On July 23, Hyatt workers and allies launched a global boycott of Hyatt hotels. Leaders from the AFL-CIO, NFL Players Association, the National Organization for Women, the National Gay and Lesbian Task Force, Netroots Nation, Interfaith Worker Justice and other organizations joined Hyatt housekeepers at a press conference in Washington, D.C., to formally launch the boycott. The launch marks the largest escalation to date in an ongoing campaign for basic worker rights.
Those who spoke at the press conference confirmed their organizations will stand in solidarity with Hyatt’s workers and not patronize the company’s facilities.
AFL-CIO President Richard Trumka noted that you don’t get top-notch world summits and conferences without the hard, physically demanding work of Hyatt’s workers. As a central part of the company’s success, they deserve a voice on the job to protect themselves from hazardous conditions and unfair treatment, he said.
Terry O’Neill, president of the NOW, pledged that her organization’s members would do all they could to draw attention to the plight of the housekeeping crews (the majority are women) who toil for bottom-of-the-barrel wages while Hyatt’s executives earn millions.
NFL Players Association Executive Director DeMaurice Smith pointed out that NFL players come from the same type of working-class families as Hyatt’s housekeepers and bellhops. In addition to not spending their money at Hyatt properties, Smith promised that the 2,000 members of the NFLPA stood as “big brothers” with Hyatt workers in their struggle.
Darlene Nipper from the National Gay and Lesbian Task Force added that the LGBT community supports the Hyatt global boycott because it understands what it means to fight for basic rights of fairness and respect.
The launch of the boycott will see a week of demonstrations at Hyatt Hotels and other actions in 20 U.S. cities, including Los Angeles, Honolulu, San Francisco, Chicago, Baltimore, Indianapolis, Boston and Santa Clara, Calif.
According to hospitality workers' union UNITE HERE, Hyatt has singled itself out as the worst hotel employer in the United States. Hyatt has abused housekeepers and other hotel workers, replacing longtime employees with minimum-wage temp workers and imposing dangerous workloads on those who remain. In response, Hyatt workers have spoken out publicly about abuses, picketed hotels, gone on strike, and now have launched a global boycott of Hyatt.
'Vote Hyatt worst'
The week of action includes the launch of a major social media campaign to “Vote Hyatt the Worst Hotel Employer in America.” Supporters are joining Hyatt workers this week in calling on over two million people online to “Vote Hyatt Worst” to send a message to Hyatt that its abuse and unfair treatment of hotel workers will not be tolerated.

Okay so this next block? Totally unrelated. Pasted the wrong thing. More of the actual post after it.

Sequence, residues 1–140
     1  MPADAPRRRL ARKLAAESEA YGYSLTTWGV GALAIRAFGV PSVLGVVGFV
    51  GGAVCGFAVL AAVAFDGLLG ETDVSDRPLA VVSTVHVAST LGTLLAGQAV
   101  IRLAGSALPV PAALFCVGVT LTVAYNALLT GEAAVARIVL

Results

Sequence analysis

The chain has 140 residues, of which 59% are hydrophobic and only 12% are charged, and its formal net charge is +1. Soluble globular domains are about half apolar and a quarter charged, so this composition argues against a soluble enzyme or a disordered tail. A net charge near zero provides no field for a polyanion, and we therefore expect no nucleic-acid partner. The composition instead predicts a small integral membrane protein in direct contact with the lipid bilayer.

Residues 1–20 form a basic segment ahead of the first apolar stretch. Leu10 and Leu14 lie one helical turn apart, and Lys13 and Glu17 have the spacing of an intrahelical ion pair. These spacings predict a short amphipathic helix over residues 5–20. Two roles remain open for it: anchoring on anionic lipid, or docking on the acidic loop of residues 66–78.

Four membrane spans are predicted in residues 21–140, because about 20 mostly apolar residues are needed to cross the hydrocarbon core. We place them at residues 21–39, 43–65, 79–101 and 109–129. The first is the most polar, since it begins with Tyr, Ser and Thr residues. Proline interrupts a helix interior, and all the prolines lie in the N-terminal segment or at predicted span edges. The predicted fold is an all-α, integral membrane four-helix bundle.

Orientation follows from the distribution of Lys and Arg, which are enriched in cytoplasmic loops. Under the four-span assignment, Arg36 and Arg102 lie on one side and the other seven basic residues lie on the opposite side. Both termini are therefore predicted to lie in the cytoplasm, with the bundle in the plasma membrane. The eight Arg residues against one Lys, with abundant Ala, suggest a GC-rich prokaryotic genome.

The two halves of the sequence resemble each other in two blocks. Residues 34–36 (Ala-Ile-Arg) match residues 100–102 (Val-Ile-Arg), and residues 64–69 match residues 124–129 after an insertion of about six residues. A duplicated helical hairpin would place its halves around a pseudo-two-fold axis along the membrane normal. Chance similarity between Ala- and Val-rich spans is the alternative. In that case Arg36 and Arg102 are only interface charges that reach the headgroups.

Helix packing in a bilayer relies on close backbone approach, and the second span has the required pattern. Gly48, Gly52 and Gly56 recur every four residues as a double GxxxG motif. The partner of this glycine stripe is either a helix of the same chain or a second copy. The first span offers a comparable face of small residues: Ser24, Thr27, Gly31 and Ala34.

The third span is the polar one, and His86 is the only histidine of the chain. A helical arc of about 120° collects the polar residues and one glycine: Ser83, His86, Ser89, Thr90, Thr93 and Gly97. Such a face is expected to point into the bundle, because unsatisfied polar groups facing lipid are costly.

“Hyatt systematically abuses housekeepers and other hotel workers, and it is unacceptable in 2012 that women endure debilitating injuries as a result of the work they do cleaning rooms,” said John Wilhelm, the president of UNITE HERE. “We call on Hyatt to end its systematic abuse of housekeepers and adopt the recommendations made by the federal government to reduce the physical strain associated with housekeeping work.”
The global Hyatt boycott has been endorsed by unions representing hotel workers worldwide. Additionally, over 5,000 individuals and organizations have pledged to honor boycotts called by Hyatt workers.
The International Union of Food Workers is a global union federation including hotel and food service workers’ unions. It represents over 12 million workers in 120 countries. Delegates to a recent congress unanimously voted their support of the global Hyatt boycott.
Hundreds of hotel workers in India have staged demonstrations outside of Hyatt hotels in Delhi, Goa, and Chennai in support of the global Hyatt boycott. Hotel workers are also fighting against subcontracting in the hospitality industry in India, where Hyatt has 56 hotels in development. Additionally, the Indian National Trade Union Congress has endorsed the global Hyatt boycott on behalf of the 10 million workers in India this union represents.
The United Kingdom’s largest union, Unite, pledged to support the Hyatt boycott on behalf of its 1.6 million members. Members of Unite held a solidarity rally outside of the Hyatt Andaz at Liverpool Street in London. Another union, the GMB, featured the Hyatt boycott during the Global Pride parade in London July 7, and is planning further actions during the week of the global boycott launch.
In the Philippines, several groups held a solidarity action in support of Hyatt workers. The IUF-affiliated NUWHRAIN, the hotel workers union in the Philippines, joined with the Alliance for Progressive Labor and Sentro ng mga Progresibong Manggagawat outside the Hyatt Hotel and Casino Manila to send a strong message. In a press statement by NUWHRAIN, workers expressed their “solidarity with the workers of Hyatt in the United States and elsewhere in the world who have suffered and continued to suffer from many forms of exploitation and abuses perpetrated by the hotel brands under the Hyatt Corporation.”
Nearly 100,000 members of SumOfUs.org in Australia, the United Kingdom and North America signed a petition calling on the Hyatt Regency Santa Clara to reinstate Martha and Lorena Reyes, who were fired after objecting to the posting of demeaning pictures of housekeepers in bikinis on a bulletin board at work.
This campaign deserves the strong support of progressive organizations and social justice activists throughout the world. Boycott the Hyatt!